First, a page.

That was a headline in the Toronto Star on February 28, 2009 in particular reference to the churches in Canada’s province of Quebec. The story by Andrwew Chung goes on to talk about extremely low attendance, dismal offerings that won’t even pay the heat, and the resulting need to put beautiful church structures up for sale in a market where no one is buying. With no takers in sight, some churches end up being barricaded.
Quebec, that bastion of French culture in Canada, may be somewhat an extreme example of what is happening across North America and perhaps even in Europe where Christianity has been around for centuries. In Quebec, Chung reports that fewer than 10% of the population actually attends mass.
Let’s focus on two comments made in relation to all of this. First, Gerald Baril, spokesperson for the Conference of Catholic Bishops of Canada is quoted as saying, “People don’t care much about spirituality and don’t care much about the church.” Second, Louis-Philippe Desrosiers, who’s in charge of selling churches for Montreal’s parishes is quoted as saying, “Well, remember that the majority of people in the parishes nowadays are in their sixties to eighties…. People are not interested in the life of their souls anymore.”
Let me react. Both of these gentlemen seem to be placing the blame for the demise of the church on its congregants. The first says people don’t care about spirituality or the church and the second says they’re not interested in what happens to their souls. I believe they’re wrong on several counts. They’re wrong because they’re assigning responsibility to the former attendees rather than to church leaders. People have not changed since Christ ministered among us in person. He drew them by the thousands and his disciples did so after him. I suggest that we start looking at how church leaders and the organized church has brought about its own demise. We don’t have to look far. Start with the residential school issues, then go to the child abuse issues, then go to the misuse of funds, inappropriate relationships among clergy, and so forth. Look at the abandoning of widows and orphans, and the hypocrisy within some of the structured church bodies today. In the evangelical world, more and more churches are abandoning the larger denominations and becoming independent. The reason for that may lie in some of the things we listed above, coupled with the organized church’s unwillingness to change quickly enough with the times. [And I am certainly not advocating changing the Message of the Gospel, only the means by which it is delivered meaningfully in today’s culture. God is God is of all times and generations.]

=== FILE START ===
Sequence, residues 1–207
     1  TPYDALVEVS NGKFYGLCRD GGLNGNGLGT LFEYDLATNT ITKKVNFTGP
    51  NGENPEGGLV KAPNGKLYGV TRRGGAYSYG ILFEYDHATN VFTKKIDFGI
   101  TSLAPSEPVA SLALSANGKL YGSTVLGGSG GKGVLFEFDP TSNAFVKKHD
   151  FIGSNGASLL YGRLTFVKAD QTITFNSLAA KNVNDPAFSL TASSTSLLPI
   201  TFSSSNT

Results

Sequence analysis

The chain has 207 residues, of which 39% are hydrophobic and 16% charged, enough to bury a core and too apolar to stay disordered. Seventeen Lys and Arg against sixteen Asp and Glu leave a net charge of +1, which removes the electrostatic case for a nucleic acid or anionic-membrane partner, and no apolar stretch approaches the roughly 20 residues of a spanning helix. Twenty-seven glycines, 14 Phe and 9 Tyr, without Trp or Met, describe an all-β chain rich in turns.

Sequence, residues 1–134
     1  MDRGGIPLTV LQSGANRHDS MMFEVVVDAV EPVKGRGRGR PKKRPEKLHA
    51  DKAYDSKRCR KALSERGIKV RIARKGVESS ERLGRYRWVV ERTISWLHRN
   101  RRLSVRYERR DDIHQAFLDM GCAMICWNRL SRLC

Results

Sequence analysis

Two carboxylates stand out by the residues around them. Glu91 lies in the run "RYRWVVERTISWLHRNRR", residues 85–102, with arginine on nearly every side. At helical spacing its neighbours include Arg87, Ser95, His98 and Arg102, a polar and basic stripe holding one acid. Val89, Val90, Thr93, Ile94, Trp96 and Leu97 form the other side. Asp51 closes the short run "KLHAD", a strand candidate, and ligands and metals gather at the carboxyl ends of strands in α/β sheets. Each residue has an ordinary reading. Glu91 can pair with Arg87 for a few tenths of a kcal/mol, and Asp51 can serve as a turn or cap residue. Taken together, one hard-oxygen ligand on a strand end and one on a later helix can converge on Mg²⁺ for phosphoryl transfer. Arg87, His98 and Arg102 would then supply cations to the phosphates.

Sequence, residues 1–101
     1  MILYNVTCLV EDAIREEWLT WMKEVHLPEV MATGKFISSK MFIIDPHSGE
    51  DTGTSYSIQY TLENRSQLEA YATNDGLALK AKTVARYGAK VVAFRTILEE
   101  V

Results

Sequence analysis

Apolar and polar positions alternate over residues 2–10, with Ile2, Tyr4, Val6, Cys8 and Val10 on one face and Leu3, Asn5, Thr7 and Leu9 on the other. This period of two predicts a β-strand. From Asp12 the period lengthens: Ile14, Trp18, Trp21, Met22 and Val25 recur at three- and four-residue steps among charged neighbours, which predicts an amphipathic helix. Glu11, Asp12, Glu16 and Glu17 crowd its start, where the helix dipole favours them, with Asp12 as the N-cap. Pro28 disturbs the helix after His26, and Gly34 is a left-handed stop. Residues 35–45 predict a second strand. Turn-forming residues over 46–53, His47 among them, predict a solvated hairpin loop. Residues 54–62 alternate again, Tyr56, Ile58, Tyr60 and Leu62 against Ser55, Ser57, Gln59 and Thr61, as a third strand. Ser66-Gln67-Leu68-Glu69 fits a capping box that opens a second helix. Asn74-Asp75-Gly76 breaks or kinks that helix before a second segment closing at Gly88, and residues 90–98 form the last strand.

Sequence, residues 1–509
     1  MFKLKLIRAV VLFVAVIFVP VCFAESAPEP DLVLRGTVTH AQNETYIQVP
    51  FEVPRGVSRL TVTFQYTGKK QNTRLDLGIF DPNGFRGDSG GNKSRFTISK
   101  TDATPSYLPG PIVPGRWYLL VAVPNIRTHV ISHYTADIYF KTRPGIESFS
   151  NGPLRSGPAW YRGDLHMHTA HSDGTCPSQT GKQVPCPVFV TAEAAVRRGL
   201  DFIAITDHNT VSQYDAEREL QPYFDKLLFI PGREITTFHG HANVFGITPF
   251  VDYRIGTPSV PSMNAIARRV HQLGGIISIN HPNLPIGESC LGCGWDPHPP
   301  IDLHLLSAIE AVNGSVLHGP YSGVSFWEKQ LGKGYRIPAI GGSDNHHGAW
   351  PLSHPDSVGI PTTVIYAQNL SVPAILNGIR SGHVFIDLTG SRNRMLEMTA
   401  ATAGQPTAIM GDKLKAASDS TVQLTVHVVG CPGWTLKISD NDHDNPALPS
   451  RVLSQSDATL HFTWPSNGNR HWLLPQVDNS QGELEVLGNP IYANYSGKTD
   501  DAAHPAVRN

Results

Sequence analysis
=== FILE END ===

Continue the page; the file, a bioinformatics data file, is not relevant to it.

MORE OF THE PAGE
Second, I think these men are wrong in saying that people no longer care about spirituality or what happens to their souls. Just witness the ever-increasing bookshelf space available in bookstores for ‘spirituality’. Or, study the ever-increasing number of people trying desperately to ensure their immortality.
Third, I believe that while Desrosiers may be correct in saying only older people sit in the pews these days, his church leaders are wrong in not calling for a massive change in the way things are done. Changes are needed that will attract and encourage youth to become church participants. [For one example of this see Youth.]
The Church as a whole entity cannot and will not die. It is Christ’s Body and He will accomplish what He set out to do. We can either be part of that or we can watch the particular local arm of that Body we belong to suffer as we’re watching so many do in both the Protestant and Catholic faiths. We can get involved in bringing about positive change or we can sit on the sidelines and say, “what a shame!” while people and especially youth run to all the wrong sources to get their spiritual needs met.
At least that’s the way I see it. You may choose to differ.
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